I’m getting more involved in focusing on environmental issues. Here is my new article on how East Asia is way behind in efforts at reforestation and the maintenance of greenery, and two simple things that can be done in Japan to improve things.
"With its engaging visuals and entertaining text, this book is a political lesson in how control is won and lost."
- nice to see this good review of our book THE MANY NOT THE FEW, in Tottenham. I used to teach a class in that area.
As that is starting soon HERE again is my article for the official website as a guide to Kumamoto, where Wales will play, and France, etc.
AND, to mention something important that is related to the world cup:
To help keep the fans safe in Japan please be aware of a couple of basic points:
1. In the UK most cars stop to let you cross on 'zebra crossings' (the road crossings with black and white stripes and no traffic lights) - but in Japan most cars don't stop. Normally several cars will go through before one stops to let you cross, even if you are clearly standing there waiting. As fans coming from one of the four UK nations wont know that it could lead to some accidents. So watch out for that please rugby fans.
2. In the UK cars can not turn into and drive through the normal pedestrians crossings (the ones that do have green go and red stop signs) when it's green and people are crossing. But in Japan they can and do - legally. And many times they do so very close to the people walking and at some speed. So watch out for that too, and be careful crossing.
In other ways, of course, Japan is a very safe country.
I was recently told that I have a chip on my shoulder about comics still being seen as a rather lowly art form.
I thought that wasn’t really the case as to have a chip on your shoulder implies that the grievance is mostly in your mind or exaggerated. But in terms of comics is an unfortunate reality than they are - still - looked down on, and clearly unfair. That is still there, despite the very considerable increase in their status/image over the last 30 years or so.
The phrase also implies a sense of unreasonable anger and annoyance at the perceived injustice. Of course it’s negative that comics have that lowly image, but in general I’m not angry or bitter about it. I’m so full of confidence about the beauty and intelligence of comics that my attitude is more like a mixture of mild contempt and pity for people who dont know how wonderful comics are!
In this time of democratic turmoil, of struggle between elite control and government for and by the people, have a look at this book of ours about popular protest throughout British history...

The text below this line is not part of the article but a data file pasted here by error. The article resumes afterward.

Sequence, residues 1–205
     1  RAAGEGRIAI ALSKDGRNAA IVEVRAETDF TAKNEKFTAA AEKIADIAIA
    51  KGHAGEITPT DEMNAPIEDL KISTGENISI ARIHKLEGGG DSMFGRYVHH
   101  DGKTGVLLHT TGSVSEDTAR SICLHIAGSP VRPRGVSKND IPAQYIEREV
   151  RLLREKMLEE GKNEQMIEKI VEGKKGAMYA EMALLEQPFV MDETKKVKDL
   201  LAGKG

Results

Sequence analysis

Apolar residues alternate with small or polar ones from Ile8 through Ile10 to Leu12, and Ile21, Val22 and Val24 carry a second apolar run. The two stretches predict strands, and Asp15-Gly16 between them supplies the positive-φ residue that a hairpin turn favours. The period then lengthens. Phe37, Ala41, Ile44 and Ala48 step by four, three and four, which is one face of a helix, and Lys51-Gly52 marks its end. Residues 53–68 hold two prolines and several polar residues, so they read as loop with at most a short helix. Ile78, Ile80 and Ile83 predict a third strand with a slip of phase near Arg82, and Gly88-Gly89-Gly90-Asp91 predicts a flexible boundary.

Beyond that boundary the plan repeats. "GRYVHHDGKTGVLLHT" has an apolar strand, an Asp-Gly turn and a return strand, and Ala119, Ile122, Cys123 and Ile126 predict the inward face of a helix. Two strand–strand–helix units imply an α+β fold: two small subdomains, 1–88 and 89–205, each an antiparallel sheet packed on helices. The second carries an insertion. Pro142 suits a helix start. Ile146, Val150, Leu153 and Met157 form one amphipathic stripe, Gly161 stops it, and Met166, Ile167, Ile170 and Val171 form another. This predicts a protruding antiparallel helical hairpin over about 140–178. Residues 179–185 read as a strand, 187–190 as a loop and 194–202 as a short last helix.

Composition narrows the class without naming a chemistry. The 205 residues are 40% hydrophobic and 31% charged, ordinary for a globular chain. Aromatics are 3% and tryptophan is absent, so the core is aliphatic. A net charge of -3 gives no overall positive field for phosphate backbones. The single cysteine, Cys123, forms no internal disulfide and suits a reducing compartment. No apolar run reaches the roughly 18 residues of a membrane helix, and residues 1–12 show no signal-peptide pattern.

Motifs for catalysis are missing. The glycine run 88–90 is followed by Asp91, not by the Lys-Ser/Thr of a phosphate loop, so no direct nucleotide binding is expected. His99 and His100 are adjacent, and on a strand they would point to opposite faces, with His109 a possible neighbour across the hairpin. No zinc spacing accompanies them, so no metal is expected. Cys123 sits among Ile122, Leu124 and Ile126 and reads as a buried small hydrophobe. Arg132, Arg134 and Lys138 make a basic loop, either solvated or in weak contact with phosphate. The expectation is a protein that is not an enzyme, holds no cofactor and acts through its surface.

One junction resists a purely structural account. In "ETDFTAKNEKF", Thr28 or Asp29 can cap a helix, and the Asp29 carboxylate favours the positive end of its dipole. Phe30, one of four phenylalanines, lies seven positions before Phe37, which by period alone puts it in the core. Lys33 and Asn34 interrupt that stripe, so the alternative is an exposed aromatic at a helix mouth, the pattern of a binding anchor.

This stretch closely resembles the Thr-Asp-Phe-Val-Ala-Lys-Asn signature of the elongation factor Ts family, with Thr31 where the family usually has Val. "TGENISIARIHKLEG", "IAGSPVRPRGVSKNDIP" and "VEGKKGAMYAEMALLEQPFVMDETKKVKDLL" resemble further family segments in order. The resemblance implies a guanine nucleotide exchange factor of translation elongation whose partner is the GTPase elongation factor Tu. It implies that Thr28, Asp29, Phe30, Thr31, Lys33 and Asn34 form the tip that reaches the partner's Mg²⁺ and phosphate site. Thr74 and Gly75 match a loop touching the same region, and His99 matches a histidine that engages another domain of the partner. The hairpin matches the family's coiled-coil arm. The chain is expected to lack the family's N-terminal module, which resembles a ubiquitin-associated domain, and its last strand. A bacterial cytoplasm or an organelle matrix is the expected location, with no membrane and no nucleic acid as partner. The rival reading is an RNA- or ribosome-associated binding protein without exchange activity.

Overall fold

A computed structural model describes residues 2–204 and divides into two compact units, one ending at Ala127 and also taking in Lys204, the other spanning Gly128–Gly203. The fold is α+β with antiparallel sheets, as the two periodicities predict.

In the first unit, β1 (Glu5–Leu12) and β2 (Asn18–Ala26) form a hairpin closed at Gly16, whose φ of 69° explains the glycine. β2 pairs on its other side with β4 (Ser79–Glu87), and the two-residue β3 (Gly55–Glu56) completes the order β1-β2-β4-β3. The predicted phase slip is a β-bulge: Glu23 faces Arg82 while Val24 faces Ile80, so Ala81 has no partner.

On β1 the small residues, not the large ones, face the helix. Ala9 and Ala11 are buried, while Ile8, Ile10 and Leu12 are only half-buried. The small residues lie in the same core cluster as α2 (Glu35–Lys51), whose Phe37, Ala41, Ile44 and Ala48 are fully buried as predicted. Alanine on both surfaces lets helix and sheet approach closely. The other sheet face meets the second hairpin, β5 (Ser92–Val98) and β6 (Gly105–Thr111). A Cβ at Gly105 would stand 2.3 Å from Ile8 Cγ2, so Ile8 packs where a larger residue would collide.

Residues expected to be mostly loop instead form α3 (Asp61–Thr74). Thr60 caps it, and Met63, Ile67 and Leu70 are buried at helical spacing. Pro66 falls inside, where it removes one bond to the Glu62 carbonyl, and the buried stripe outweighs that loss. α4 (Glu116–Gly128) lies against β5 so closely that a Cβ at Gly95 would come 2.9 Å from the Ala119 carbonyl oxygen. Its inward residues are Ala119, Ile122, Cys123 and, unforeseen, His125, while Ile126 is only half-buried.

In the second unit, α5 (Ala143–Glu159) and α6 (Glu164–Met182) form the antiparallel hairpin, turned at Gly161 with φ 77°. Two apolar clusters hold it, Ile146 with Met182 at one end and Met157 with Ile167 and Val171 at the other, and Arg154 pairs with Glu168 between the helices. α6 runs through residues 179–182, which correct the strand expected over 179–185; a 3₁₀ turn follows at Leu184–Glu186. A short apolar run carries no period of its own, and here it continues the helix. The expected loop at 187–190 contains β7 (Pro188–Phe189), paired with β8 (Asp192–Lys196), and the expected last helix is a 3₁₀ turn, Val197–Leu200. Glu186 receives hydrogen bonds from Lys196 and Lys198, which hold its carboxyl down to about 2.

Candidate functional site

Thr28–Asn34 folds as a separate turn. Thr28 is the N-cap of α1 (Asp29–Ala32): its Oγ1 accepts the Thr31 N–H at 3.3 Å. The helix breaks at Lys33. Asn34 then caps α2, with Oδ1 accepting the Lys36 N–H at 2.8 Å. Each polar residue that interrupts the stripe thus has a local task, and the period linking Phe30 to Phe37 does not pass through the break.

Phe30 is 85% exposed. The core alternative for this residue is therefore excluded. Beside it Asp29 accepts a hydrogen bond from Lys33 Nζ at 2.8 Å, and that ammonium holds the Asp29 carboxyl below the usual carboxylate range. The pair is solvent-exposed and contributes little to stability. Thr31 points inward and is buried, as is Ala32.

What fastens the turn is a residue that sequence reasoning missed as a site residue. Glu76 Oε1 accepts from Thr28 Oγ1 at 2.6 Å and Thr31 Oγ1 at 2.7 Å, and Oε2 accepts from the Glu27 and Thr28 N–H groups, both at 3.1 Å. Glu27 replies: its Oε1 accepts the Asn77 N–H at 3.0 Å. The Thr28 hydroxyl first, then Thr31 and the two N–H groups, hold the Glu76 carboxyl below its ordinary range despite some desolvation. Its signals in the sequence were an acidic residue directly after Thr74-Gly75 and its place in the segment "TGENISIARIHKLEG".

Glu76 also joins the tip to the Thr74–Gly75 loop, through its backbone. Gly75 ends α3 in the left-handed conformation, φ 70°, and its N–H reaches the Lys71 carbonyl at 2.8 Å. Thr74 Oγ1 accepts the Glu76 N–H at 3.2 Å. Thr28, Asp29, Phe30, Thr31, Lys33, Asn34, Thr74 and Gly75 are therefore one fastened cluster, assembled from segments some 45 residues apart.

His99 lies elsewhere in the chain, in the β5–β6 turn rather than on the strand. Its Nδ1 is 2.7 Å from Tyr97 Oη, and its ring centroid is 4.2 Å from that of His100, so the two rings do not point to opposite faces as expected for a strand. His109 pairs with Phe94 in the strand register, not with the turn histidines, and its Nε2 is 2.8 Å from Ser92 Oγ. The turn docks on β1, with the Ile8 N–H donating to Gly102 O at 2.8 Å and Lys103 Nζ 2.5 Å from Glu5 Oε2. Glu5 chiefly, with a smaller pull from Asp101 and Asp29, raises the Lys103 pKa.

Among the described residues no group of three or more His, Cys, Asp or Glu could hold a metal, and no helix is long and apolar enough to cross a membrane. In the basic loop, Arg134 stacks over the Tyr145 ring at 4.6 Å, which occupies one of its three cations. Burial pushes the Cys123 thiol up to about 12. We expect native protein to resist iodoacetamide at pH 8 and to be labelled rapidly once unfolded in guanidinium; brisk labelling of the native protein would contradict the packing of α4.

Jeremy Corbyn wrote the intro for it and recently launched it with a speech in the House of commons:
See more HERE
My reaction to the comments criticising protestors on Australian TV program (ABC's Q&A). We should blame the police for things being violence and the corrupt government for the lack of democracy in the first place, not the protestors.
(and please excuse my poor editing skills).
Now is the anniversary of the Peterloo massacre, and glad to see that its been getting quite a bit of attention in the media, with people making parallels to now - for example protestors being attacked in Paris and HK. The people’s fight agains corrupt elites goes on!
Our own graphic novel 'Fight the Power! A Visual History of Protest Among the English Speaking Peoples', mentioned in this post of Downthetubes has a chapter on Peterloo in it.
My latest in a long line of 'odd, but hmm, that's a good idea' articles:
Oh, and the title is adjusted from a short story by Franz Kafka.
“ The gig economy is shattering any lingering sense of trust in or fidelity to corporations. “Wide-scale public rage at oligarchic power is very mainstream now,” Klein says.” A key positive point as it points to an increased chance of real change. Klein being Naomi Klein, talking HERE about her book NO LOGO and its criticism of branding and logos.
The character, Matt, in our book THE STORY OF LEE, discusses the issue of why its not a good habit to be a walking free advert for such corporations.
I myself never buy any clothes or bags with such labels showing, and if I’m given some that do, as presents, I always deface the logo or make a joke out of it by adding something. Like when I got a ‘Hugo Boss’ bag from someone i changed the words to be 'No Boss'. And when i got a Star Wars Rebels t-shirt as a present I altered it to say ‘Anarchist Rebels’.
Japanese Fortune Strips or Omikuji (おみくじ) are cute little fortune-telling strips of paper that can be bought at shrines and temples throughout Japan.
They are very popular and a traditional part of Japan that goes back hundreds of years.
The fortune revealed upon opening the paper strip range from having a great blessing (大吉) to a great curse (大凶) and anything in between!
Get your one here:
Welcome to the latest news about the books and activities of Sean Michael Wilson, professional comic book writer from Scotland.